It is probably a nice interrogation to ask ourselves what it is the limit in the scale we can reach.

I did explore  few scales  and I am probably at the limit I can reach.

 

I remember vaguely to have seen about 30 years ago, in Montreal, a model  made to learn the rigging to the officers. The model was about 20 feet long.

At what scale I do not remember.

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You have to understand Gaetan, a 1:24 74 built to your level and fully RC would probably be enough for people to make a physical pilgrimage to see it under sail in the local lake :) Me included.

 

At 1:12, no need for RC you can ride inside with head through the quarterdeck, sailing her with a zillion little lines run down below deck :)

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What are the scales used to build models? Let's try some speculation.

 

For the french I saw 2 scales: 1/24 used to teach the construction of the ship or to teach rigging.

Also  Augustin PIC built one 74  at 1/24.

Many models are built at 1/48.

 

English ship models I know are built at 1/48 scale.

 

We know that 1/48 was use, I would say, for 2 reasons:

Build a model to present to the king for his acceptance for the construction of the real one at 1/1 scale.

1/48 scale represents the largest scale which ca be easily handle by one person.

 

There are surely other models built at different scales in Museums.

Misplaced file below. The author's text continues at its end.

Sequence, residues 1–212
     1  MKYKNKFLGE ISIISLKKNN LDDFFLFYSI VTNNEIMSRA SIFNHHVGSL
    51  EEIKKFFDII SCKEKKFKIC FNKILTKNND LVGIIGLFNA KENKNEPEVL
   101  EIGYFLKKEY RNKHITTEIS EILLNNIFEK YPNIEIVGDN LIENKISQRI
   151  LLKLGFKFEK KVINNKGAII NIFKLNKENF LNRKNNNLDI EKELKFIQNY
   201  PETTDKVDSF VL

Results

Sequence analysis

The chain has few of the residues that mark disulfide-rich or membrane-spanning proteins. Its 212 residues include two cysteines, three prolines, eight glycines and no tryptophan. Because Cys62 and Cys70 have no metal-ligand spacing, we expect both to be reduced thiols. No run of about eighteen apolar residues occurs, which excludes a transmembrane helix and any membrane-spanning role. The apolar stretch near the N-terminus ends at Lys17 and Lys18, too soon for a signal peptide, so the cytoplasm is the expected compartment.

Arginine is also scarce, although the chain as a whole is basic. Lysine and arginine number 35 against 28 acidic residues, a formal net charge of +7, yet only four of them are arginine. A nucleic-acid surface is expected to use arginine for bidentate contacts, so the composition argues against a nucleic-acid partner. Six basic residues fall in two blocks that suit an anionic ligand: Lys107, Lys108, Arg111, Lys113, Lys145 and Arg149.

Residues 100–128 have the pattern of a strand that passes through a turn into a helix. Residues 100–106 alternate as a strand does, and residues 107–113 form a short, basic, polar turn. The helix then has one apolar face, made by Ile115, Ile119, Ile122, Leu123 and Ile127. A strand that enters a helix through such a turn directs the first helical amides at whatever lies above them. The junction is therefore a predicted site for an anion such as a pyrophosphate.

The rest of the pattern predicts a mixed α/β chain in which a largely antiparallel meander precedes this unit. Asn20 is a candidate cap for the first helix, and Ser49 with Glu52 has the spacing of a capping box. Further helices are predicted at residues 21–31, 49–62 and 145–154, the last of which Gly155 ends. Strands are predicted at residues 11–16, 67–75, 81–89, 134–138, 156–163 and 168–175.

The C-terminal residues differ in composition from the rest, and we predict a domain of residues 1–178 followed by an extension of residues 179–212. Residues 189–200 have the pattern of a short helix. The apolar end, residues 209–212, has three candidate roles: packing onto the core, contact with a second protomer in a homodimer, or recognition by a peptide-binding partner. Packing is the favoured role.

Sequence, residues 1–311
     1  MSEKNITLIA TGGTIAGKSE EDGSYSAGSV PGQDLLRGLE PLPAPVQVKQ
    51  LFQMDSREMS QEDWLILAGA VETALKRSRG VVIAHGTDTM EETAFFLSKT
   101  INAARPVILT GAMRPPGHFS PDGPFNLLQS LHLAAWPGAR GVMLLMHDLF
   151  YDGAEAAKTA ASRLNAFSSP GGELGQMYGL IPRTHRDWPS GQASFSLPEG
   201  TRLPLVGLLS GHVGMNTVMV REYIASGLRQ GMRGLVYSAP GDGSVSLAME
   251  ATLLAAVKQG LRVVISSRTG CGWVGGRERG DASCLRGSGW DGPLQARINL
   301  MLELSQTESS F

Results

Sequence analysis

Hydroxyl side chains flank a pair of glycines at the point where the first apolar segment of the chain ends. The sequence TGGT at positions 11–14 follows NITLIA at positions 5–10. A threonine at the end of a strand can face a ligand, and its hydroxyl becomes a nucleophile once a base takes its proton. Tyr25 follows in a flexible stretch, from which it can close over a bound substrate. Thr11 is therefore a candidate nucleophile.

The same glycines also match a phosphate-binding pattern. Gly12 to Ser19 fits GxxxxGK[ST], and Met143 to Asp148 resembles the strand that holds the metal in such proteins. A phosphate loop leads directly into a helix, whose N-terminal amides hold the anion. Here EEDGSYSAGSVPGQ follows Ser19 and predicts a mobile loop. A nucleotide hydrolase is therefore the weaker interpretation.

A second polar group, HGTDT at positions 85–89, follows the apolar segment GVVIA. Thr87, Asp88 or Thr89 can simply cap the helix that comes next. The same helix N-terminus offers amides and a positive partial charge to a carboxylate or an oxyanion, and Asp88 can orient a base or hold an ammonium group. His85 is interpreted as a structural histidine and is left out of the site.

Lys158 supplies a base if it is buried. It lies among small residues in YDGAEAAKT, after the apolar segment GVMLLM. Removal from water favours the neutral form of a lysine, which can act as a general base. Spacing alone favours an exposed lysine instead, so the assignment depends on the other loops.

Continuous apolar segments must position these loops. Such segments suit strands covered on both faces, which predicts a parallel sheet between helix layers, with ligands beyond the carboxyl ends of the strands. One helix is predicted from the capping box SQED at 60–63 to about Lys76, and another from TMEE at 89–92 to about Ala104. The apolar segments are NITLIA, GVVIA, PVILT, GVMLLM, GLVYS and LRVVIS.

A standard scale would have a derivation from the english foot and would be a multiple of 12. It is also preferable to use one of these multiples because it will be easier to work with especially in ratio used like for reproduction: 150%, 200%, 300%, and other variations. I would not want to use strange combination because this makes it more difficult to calculate  bringing even fractions. Also, if I use a weird scale, it will be impossible to use the proportional divider: my common use being to work on 1/48 plans for ease to use ( a 4 feet long sheet) and double the lenghts at 1/24 with the proportional divider.

 

Let's try to guess what happened when they came with kit. (I do not know when, is this something new like 1970? I have no idea). Purely for money reasons, they created smaller scales. 

 

Is there a standard size to build? My answer is no and this is a kind of false affirmation.

 

In fact, the standard scale is the size that everyone is using for his own reason.

 

So there is no good or bad answer.

 

Capture d’écran 2017-03-05 à 07.20.45.jpg